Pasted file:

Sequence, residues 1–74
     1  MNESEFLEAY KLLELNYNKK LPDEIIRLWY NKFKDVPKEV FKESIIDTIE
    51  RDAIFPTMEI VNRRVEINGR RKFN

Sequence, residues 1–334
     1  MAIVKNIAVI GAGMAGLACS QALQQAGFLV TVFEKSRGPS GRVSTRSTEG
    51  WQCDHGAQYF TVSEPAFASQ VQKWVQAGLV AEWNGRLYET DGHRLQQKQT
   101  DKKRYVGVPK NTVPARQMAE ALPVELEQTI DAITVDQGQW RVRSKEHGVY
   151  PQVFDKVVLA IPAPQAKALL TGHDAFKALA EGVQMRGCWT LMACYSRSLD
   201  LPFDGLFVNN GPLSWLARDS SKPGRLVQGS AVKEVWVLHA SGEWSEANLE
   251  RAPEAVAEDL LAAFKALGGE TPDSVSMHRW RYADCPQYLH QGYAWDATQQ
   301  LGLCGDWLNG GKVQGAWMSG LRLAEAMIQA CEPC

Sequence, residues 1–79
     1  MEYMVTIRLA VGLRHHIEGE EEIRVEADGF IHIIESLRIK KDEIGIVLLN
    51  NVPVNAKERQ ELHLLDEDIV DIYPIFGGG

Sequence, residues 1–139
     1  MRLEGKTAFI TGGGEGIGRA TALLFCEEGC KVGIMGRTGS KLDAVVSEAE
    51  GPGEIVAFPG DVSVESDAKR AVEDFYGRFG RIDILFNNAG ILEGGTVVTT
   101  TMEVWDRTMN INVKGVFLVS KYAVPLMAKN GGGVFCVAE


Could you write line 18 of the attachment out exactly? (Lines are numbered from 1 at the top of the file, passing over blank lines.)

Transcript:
   101  TMEVWDRTMN INVKGVFLVS KYAVPLMAKN GGGVFCVAE